02) Carrying A Torch 2002-11-09 Elmira NY
"more piano on a heartfelt rendition of Van Morrison’s Carrying A Torch. Bob is deep in introspection, resigned to his fate. Bob’s hands dance like butterfly’s over the keys. it’s a captivating performance of a rare tune, only 6 live outings."
01) Standing in the Doorway 2004-07-02 Stra Italy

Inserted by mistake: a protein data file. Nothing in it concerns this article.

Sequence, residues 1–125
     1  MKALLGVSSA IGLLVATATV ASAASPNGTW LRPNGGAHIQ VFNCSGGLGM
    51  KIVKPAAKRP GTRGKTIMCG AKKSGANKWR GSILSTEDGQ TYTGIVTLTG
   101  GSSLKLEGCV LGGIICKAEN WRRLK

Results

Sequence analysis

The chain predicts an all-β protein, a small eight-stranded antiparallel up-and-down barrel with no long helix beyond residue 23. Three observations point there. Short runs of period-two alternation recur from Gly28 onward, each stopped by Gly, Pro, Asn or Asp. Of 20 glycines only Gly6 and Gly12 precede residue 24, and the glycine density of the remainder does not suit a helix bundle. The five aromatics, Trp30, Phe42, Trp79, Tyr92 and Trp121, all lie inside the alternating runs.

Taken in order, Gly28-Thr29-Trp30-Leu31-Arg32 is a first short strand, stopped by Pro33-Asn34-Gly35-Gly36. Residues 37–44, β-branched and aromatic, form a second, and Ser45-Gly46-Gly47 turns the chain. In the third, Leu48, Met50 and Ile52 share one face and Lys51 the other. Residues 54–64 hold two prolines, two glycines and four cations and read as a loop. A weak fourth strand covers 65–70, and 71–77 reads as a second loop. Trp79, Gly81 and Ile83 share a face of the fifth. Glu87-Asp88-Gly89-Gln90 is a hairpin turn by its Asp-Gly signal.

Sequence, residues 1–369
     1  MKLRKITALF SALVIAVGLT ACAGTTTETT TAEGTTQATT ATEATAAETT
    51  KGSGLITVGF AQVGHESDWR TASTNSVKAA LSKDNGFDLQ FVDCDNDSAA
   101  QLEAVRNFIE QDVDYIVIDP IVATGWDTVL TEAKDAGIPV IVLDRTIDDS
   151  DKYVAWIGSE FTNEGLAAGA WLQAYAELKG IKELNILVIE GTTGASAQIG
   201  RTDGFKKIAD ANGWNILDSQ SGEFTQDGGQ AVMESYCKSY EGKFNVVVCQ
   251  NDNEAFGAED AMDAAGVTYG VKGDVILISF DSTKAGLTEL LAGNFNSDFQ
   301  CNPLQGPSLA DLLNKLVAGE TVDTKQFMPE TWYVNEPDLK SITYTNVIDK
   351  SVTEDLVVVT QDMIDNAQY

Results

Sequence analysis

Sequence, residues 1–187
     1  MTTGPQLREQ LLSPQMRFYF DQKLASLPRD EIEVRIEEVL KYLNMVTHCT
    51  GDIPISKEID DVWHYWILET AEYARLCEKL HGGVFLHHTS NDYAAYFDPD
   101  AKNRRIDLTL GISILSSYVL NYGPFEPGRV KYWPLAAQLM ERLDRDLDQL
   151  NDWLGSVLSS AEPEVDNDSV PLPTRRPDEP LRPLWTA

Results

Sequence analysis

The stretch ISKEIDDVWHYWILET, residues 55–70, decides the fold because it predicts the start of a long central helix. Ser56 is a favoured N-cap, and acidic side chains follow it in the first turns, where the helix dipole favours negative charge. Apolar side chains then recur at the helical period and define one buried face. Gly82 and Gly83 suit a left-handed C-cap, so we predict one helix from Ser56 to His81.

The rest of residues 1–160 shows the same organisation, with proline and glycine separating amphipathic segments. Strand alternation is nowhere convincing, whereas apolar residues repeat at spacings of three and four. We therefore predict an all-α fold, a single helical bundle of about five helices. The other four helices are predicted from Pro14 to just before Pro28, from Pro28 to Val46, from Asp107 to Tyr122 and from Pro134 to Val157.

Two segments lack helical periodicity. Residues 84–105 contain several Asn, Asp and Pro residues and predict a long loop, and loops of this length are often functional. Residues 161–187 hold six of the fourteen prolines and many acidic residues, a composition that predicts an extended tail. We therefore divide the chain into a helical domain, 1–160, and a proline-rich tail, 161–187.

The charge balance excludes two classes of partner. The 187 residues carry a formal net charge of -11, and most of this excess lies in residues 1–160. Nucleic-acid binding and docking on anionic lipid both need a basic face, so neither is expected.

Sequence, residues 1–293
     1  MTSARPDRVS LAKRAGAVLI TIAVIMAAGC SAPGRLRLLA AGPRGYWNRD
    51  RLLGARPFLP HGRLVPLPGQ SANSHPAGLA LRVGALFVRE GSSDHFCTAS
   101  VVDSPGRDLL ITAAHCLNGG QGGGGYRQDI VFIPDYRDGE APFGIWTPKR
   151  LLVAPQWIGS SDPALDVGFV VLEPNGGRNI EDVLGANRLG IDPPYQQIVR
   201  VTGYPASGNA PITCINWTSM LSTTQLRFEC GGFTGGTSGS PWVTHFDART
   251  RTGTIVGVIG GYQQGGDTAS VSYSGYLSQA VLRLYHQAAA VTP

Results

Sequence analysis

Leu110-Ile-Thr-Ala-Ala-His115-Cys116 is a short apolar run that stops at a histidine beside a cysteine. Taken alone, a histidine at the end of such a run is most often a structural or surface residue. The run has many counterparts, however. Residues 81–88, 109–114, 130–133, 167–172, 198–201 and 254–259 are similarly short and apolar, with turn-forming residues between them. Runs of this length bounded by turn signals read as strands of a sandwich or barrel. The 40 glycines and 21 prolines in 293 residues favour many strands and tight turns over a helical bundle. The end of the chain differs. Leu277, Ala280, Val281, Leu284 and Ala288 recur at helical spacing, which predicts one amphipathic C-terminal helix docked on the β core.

"what comes next can never be anticipated and can come out of the most unforeseen circumstances. a light drum roll and gently swaying guitar riff, coupled with some subtle piano, invites us into a definitive live version of Standing in the Doorway. it turns early as Bob puts his heart into “nothing left to burn…nowhere left to turn…” flipping the order but no matter. in the midst of this rain, with all that can do to distract, he’s found a zone inside this song and the delivery is spine chillin’. his voice is strong, plaintive, almost crying like a baritone Johnny Ray. emotion builds in the bridge as Bob barks “you left me STANDING, ahhhhhh, in the doorway cryin’…” he takes on a sardonic tone in the next verse, pulling back, not telling us the things he knows, then he dives into the midnight train…no ice water here. it’s breathtaking and we get a musical interlude so we can catch ours. the fill grows to almost a crescendo as George ups the volume and all the instruments create a lush center to the song. but it ain’t done yet. he steps lightly through the first quatrain of the last verse the bites out “it always means so much…” cutting this line short and giving the room to “ even the so-o-o-o-o-o-o-oftest touch…” he needs to offer no explanation, or words, as his plaintive wail takes us into the final couplet. and done. 7:40 of prime Dylan."